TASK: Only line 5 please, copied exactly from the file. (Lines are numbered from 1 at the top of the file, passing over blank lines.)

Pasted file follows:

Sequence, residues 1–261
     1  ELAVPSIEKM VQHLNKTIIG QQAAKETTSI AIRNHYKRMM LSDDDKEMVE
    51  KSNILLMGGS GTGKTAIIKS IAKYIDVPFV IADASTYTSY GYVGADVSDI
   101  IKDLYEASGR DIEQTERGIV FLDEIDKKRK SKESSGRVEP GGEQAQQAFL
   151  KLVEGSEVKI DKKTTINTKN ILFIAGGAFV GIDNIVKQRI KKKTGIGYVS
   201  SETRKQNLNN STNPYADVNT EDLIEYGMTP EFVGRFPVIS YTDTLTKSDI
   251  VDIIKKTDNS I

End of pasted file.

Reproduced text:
   151  KLVEGSEVKI DKKTTINTKN ILFIAGGAFV GIDNIVKQRI KKKTGIGYVS